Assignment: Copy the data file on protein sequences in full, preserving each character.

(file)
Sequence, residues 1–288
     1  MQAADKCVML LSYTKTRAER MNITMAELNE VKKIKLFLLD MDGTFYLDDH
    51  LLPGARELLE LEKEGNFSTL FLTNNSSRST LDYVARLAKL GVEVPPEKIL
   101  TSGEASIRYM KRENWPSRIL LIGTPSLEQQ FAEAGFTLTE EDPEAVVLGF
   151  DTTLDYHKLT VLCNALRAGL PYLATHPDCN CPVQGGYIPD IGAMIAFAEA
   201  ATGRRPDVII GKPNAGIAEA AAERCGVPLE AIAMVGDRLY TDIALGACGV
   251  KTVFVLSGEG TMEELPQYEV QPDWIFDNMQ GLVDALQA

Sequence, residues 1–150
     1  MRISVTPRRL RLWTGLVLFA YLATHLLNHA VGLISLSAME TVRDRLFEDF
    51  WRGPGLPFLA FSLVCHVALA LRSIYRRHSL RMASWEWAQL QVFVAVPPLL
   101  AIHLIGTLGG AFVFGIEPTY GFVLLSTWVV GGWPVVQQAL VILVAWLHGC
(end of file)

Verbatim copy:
Sequence, residues 1–288
     1  MQAADKCVML LSYTKTRAER MNITMAELNE VKKIKLFLLD MDGTFYLDDH
    51  LLPGARELLE LEKEGNFSTL FLTNNSSRST LDYVARLAKL GVEVPPEKIL
   101  TSGEASIRYM KRENWPSRIL LIGTPSLEQQ FAEAGFTLTE EDPEAVVLGF
   151  DTTLDYHKLT VLCNALRAGL PYLATHPDCN CPVQGGYIPD IGAMIAFAEA
   201  ATGRRPDVII GKPNAGIAEA AAERCGVPLE AIAMVGDRLY TDIALGACGV
   251  KTVFVLSGEG TMEELPQYEV QPDWIFDNMQ GLVDALQA

Sequence, residues 1–150
     1  MRISVTPRRL RLWTGLVLFA YLATHLLNHA VGLISLSAME TVRDRLFEDF
    51  WRGPGLPFLA FSLVCHVALA LRSIYRRHSL RMASWEWAQL QVFVAVPPLL
   101  AIHLIGTLGG AFVFGIEPTY GFVLLSTWVV GGWPVVQQAL VILVAWLHGC